2. Outdated studies from the ’70s and ’80s speak for today’s youth

It’s baffling that this guy uses studies from the 1980s and applies those findings to the present — 30 years later. Thirty years ago, my mom was my age — the other day, she used the term “necking,” and when I told her that young people today would call that “making out,” she told me that “making out” was something much different and closer to sex. So maybe using outdated data to back up your thesis is not a great idea?

Here’s one example:

In one frequently cited study, attractive young researchers separately approached opposite-sex strangers on Florida State University’s campus and proposed casual sex. Three-quarters of the men were game, but not one woman said yes. I know: Women love sex too. But research like this consistently demonstrates that men have a greater and far less discriminating appetite for it.

This study was published in 1989, using data gathered in 1978 and 1982. All this demonstrates is that 30 years ago, men were more likely to sleep with complete strangers than women — why is sleeping with strangers the measuring stick for sexual appetite?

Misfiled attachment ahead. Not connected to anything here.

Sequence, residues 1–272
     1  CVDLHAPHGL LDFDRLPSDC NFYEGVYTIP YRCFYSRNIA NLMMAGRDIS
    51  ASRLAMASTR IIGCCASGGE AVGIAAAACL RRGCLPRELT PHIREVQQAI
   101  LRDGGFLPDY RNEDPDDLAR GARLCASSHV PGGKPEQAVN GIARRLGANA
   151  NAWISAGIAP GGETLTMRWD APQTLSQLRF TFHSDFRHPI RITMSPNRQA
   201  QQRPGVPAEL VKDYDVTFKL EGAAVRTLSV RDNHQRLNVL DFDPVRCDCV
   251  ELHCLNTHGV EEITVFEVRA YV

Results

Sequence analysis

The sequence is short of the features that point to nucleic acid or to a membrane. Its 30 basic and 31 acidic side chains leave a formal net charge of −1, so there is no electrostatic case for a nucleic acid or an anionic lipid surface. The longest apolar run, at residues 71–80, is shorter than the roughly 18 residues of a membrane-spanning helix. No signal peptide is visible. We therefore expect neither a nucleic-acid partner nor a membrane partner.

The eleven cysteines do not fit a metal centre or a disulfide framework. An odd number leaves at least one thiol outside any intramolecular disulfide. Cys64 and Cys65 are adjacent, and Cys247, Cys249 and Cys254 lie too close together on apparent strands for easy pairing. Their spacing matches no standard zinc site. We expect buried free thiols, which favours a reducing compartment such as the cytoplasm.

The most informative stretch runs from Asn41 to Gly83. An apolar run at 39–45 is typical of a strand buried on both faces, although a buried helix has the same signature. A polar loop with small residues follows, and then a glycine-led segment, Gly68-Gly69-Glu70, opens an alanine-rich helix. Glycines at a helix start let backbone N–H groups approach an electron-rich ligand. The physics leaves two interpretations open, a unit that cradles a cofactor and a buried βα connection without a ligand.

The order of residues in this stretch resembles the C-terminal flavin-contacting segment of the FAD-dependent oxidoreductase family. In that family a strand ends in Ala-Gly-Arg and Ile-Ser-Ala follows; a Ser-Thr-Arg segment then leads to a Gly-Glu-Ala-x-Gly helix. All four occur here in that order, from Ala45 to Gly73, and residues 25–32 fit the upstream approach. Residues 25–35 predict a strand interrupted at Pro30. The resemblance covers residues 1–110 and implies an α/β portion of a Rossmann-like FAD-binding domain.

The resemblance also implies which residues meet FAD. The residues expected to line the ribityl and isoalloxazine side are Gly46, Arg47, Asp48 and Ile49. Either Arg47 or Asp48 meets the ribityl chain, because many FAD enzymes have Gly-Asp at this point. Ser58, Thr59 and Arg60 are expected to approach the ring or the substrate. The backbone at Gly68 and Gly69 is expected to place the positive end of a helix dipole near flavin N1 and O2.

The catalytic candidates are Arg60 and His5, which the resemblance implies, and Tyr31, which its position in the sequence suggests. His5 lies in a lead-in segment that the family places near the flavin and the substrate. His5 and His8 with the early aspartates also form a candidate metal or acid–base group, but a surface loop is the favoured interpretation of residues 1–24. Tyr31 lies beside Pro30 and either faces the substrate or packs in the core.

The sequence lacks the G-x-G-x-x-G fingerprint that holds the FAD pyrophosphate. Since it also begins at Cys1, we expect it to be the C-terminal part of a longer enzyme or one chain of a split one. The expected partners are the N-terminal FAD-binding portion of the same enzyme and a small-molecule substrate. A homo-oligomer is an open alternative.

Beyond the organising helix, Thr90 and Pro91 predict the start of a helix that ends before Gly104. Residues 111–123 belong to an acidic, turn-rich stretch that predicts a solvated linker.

3. Women are battling pornography for sexual power

According to the author, women — though having a weak appetite for sex — should theoretically have power in the sexual relationship because the guy is always ready to go, but he has to wait for the woman to agree. But this power is threatened by porn:

And yet despite the fact that women are holding the sexual purse strings, they aren’t asking for much in return these days—the market “price” of sex is currently very low. There are several likely reasons for this. One is the spread of pornography: Since high-speed digital porn gives men additional sexual options—more supply for his elevated demand—it takes some measure of price control away from women.